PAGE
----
Graffiti 2

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Graffiti 2 Alphabet. The two-stroke characters, as well as Q, differ from the original Graffiti.

"Graffiti 2 Powered by Jot"[1] was introduced in 2003 as a revised version of the original Palm OS handwriting system Graffiti. In January 2003, PalmSource announced the change explaining that Graffiti 2 was based on Jot by Communication Intelligence Corporation (CIC) and would replace the original version of Graffiti.[1] Graffiti 2 made its debut in Palm OS 4.1.2 for Motorola DragonBall-based handhelds and in Palm OS Garnet 5.2 for ARM-based ones.[2]


The primary reason for the change was the fact that in April 1997 Xerox had sued PalmSource, Inc. over its use of Graffiti.[2] After a legal fight lasting a number of years, and despite the dismissal of the case by a federal judge, Xerox won a reversal late in 2001 in the U.S. Court of Appeals.

As part of their press for the new handwriting recognition system, PalmSource said that Jot and Graffiti 2 more closely followed the standard ways of drawing letters and numbers than the original Graffiti did; they also said that lowering the learning curve would attract more new users to the platform.[3] The change, on the other hand, alienated many long-time Palm users who were already happy with the previous version of Graffiti which they claimed was much easier to use (though perhaps not to learn).[4]

A prominent issue cited by detractors is the number of stylus strokes required to draw a character. The original Graffiti recognition software required only a single stylus stroke for each alphanumeric character. Graffiti 2, however, required two strokes to draw some commonly used characters. This was perceived as extra work because the default settings for "i" and "t", the fifth and second most frequently-used letters in English, required two strokes. Preferences settings allowed switching variants for letters P, T, Y and $, but none of them could be switched back to single stroke.[5]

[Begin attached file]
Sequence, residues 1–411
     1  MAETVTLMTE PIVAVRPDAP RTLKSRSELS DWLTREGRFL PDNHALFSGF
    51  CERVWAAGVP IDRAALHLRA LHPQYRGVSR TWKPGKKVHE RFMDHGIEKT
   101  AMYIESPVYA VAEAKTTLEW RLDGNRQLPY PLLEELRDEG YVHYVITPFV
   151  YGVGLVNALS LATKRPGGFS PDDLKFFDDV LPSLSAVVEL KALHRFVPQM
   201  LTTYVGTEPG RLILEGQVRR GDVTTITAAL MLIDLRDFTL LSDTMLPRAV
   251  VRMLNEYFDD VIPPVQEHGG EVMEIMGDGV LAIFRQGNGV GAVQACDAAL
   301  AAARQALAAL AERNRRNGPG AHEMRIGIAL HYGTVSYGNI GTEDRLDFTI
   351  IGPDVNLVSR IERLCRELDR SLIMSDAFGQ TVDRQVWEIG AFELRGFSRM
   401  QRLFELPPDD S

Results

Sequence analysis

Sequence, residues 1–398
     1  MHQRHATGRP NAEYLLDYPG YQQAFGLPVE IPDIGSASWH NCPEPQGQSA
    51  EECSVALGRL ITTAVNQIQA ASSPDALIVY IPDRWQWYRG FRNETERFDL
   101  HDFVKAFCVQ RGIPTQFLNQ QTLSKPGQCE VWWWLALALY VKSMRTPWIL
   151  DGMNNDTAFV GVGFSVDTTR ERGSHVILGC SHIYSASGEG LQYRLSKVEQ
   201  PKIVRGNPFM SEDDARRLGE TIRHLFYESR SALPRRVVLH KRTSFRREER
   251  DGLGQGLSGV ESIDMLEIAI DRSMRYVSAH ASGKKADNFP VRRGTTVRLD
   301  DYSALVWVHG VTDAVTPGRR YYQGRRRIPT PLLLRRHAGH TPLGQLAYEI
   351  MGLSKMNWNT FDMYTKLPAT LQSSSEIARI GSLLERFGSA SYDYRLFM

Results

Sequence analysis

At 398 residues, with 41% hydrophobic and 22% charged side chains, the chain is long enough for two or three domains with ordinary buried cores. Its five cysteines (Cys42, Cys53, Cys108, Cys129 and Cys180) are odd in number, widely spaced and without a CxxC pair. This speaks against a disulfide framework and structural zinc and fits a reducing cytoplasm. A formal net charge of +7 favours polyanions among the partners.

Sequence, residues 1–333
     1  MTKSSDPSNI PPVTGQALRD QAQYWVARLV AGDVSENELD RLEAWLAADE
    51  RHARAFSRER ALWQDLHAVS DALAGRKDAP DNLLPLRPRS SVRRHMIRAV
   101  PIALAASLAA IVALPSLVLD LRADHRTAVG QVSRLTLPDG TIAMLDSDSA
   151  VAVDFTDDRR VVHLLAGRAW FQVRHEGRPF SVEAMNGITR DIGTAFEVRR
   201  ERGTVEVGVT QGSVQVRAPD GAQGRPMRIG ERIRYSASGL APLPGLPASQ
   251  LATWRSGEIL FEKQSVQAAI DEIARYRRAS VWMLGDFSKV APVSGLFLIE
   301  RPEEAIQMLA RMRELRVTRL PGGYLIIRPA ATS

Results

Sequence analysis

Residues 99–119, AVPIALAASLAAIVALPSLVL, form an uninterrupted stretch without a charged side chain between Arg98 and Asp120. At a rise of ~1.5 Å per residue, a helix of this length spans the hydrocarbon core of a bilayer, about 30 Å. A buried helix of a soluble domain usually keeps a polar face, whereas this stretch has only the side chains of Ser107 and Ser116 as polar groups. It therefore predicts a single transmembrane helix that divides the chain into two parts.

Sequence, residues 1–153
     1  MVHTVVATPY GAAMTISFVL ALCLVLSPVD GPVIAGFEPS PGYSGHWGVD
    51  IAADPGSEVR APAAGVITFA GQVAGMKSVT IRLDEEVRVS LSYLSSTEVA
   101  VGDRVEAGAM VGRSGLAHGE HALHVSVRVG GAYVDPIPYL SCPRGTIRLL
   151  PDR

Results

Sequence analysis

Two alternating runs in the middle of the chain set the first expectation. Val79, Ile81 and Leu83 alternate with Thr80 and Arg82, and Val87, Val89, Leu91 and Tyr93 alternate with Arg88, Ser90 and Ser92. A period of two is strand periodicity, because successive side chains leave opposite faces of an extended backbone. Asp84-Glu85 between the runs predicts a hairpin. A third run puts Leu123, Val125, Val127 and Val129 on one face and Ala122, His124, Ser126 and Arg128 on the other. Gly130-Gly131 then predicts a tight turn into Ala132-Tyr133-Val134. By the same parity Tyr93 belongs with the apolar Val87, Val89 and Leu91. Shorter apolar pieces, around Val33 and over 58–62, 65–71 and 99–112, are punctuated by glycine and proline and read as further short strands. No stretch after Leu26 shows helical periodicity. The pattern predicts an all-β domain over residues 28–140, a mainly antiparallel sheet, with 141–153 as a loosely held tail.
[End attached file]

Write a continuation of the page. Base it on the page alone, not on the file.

1. ^ a b Brian (2003-01-13). "PalmSource licenses Jot's technology to create Graffiti 2". Brighthand. Retrieved 30 April 2014.
  2. ^ a b Hardy, Ed (2003-01-29). "Inside Graffiti 2". Brighthand. Archived from the original on 2003-04-12. Retrieved 30 April 2014.
  3. ^ Smith, Tony (2003-10-27). "Palm Tungsten C Wi-Fi PDA; A Reg in-depth review". The Register. Retrieved 30 April 2014. Graffiti 2 is an improvement over its venerable predecessor. Some character shapes are different and require two strokes of the stylus, but it took us almost no time to get the hang of them. It makes mixing upper and lower case characters far easier that the original did - you just write in the middle of the screen for capitals. That's much better than having to manually select caps or caps lock mode as you do with Graffiti 1. Entering symbols is much easier too. For many of them you no longer need to select symbol mode.
  4. ^ "Howto: Replace Graffiti 2 with Original Graffiti". MobileInfocenter. 2003-08-21. Retrieved 30 April 2014.
  5. ^ Carlson, Jeff; Schmitz, Agen G. N. (2004-10-19). Palm Organizers, Fourth Edition: Visual QuickStart Guide. Peachpit Press. p. 52. ISBN 0-321-28766-5. Retrieved 30 April 2014. Getting frustrated with the method for writing a T? The Graffiti 2 preferences let you customize the way you can write four characters: P, T, Y, and $.